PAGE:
• Student in lab coat working at desk Student in lab coat working at desk

    Environmental Health Sciences


The Department of Environmental Health Sciences is a joint venture between the New York State Department of Health and the University at Albany where laboratory scientists and population scientists collaborate together in addressing a broad range of environmental health issues.

There are different forms of environmental stresses that can affect the health of all animals and plants. Over the centuries global health has been improving but health disparities continue to exist and some technologies have led to alterations of our air, water and soil, which can affect the health of susceptible populations. The anthropogenic increases and redistributions of environmental chemicals have caused physical modifications apparent as “climate change” with direct and indirect effects on health such as more extreme fluctuations in temperature and more widespread and divergent dissemination of pathogens.

The Department of Environmental Health Sciences pursues collaborative research activities to better understand the collective and continuous exposures to environmental stresses (biological, chemical, physical and psychological) that affect health at all stages of life. Fetuses, infants, and the elderly are especially susceptible to environmental stressors. In our department, we have environmental chemists, who perform qualitative and quantitative analyses of the chemical and physical stressors in the environment and biological specimens; toxicologists, who assess the effects of environmental stressors on physiological processes and induction of disorders; and epidemiologists and biostatisticians, who evaluate the multiplicities of genetics and the lifetime environmental influences on health. Studies address why certain populations are more vulnerable due to genetics, age, sex, diet, lifestyle, and family and environmental history.




Environmental Health Sciences MS | STEM |

Public Health MPH | +JD Option |

Public Health MPH | +JD Option |
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Public Health MPH | +JD Option |
Public Health MPH | +JD Option |

Recent News

Featured Research Projects

Capital Region FRESH

The Capital Region FRESH project is a community-engaged research project that aims to quantify environmental, nutritional, and health impacts of the food recovery and redistribution system in the Capital Region, and ascertain impacts under proposed policy scenarios. The interdisciplinary team has expertise approaching food system questions via lenses of environmental health, epidemiology, environmental engineering, social and behavioral health, and policy. Learn more about Capital Region FRESH.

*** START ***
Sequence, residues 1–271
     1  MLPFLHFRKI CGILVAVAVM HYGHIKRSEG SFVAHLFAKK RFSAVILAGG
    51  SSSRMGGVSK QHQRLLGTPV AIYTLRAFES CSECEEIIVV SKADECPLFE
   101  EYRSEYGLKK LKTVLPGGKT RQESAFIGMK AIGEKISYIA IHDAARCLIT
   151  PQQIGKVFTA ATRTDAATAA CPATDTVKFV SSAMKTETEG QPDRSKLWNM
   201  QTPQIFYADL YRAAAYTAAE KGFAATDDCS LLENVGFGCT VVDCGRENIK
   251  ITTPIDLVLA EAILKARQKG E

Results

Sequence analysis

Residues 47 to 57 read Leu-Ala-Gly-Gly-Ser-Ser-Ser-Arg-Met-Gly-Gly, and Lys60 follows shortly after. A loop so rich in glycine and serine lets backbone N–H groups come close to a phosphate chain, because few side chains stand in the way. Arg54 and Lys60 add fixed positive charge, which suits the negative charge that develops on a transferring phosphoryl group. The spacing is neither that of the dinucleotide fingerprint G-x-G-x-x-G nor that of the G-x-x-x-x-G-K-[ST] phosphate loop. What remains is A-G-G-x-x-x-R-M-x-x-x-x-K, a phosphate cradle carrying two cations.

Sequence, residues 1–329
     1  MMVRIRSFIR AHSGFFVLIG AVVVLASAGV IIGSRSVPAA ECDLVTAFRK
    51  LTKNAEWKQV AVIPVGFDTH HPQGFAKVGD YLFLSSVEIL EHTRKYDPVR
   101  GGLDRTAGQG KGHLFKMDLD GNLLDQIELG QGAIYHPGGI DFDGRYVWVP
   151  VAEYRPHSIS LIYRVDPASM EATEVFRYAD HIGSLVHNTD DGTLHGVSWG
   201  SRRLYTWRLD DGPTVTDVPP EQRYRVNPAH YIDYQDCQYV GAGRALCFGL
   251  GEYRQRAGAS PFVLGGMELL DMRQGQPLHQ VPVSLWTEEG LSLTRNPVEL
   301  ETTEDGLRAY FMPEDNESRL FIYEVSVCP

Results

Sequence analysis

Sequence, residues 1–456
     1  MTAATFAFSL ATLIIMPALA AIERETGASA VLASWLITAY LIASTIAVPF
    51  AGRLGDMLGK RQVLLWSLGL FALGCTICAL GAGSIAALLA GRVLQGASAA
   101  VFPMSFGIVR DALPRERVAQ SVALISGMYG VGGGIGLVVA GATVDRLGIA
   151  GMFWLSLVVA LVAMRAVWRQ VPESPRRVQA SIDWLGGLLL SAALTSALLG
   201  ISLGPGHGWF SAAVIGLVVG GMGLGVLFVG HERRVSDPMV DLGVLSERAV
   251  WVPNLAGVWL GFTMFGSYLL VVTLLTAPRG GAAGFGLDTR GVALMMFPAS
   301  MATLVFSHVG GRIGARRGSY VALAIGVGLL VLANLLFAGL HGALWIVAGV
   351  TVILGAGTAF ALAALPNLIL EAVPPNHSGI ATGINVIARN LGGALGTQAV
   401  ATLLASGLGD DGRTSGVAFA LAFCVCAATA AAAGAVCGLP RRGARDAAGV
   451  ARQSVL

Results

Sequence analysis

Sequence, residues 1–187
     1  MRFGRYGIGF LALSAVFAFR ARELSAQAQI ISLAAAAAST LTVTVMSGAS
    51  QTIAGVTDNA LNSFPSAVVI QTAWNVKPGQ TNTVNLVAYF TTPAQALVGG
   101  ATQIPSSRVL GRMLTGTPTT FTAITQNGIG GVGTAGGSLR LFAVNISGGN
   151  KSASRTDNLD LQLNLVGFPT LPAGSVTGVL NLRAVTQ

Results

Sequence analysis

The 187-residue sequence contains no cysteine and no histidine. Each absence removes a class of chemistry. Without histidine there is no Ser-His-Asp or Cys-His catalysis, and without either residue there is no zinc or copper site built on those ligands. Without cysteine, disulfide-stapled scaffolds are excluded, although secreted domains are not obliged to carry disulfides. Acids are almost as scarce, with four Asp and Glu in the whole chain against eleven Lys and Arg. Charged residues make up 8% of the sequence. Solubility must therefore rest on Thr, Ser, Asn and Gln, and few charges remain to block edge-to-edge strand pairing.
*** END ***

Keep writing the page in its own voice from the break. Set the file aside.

Bowls of fresh fruit and veggies sit on a table.
A kitchen faucet with running water.

The PFAS Multi-Site Health Study

Researchers at the University at Albany and the New York State Department of Health (NYSDOH) received funding from ATSDR to study PFAS and its possible relationship to health among those exposed to PFAS-contaminated drinking water in the village of Hoosick Falls and Hoosick area, and the city of Newburgh. The researchers will enroll 1,000 adults and 300 children from both communities to evaluate their PFAS blood and urine levels, health measures like thyroid hormone levels and liver function, and medical history to better understand how PFAS may affect health.

The Upstate KIDS Study

The Upstate KIDS study is a collaborative project between the Eunice Kennedy Shriver National Institute of Child Health and Human Development, the New York State Department of Health, and the University at Albany School of Public Health. It tracks the growth, motor, and social development of children given the increasing use of infertility treatment, occurrence of maternal obesity and pregnancy complications, and rising maternal age at birth. From 2008 to 2010, over 5000 mothers and their 6000 children born from the 57 counties of New York State (exclusive of New York City) joined this important study.

A recent Upstate Kids study, led by School of Public Health professor Dr. Erin Bell, found that children born via cesarean delivery have an increased risk of developing asthma and food allergies because they miss out on protective bacteria from the mother. Another recent finding includes that children conceived with infertility treatments do not experience delayed development. 

Students working with child as a part of the Upstate Kids Study
Department of Environmental Health Sciences
Rebecca McCarthy
Administrative Manager
Room 153

1 University Place
Rensselaer, NY 12144
United States

Office Hours

On Site: Monday - Friday, 8:00 a.m. to 4:00 p.m.

Virtual: Monday - Friday, 8:00 a.m. to 4:30 p.m.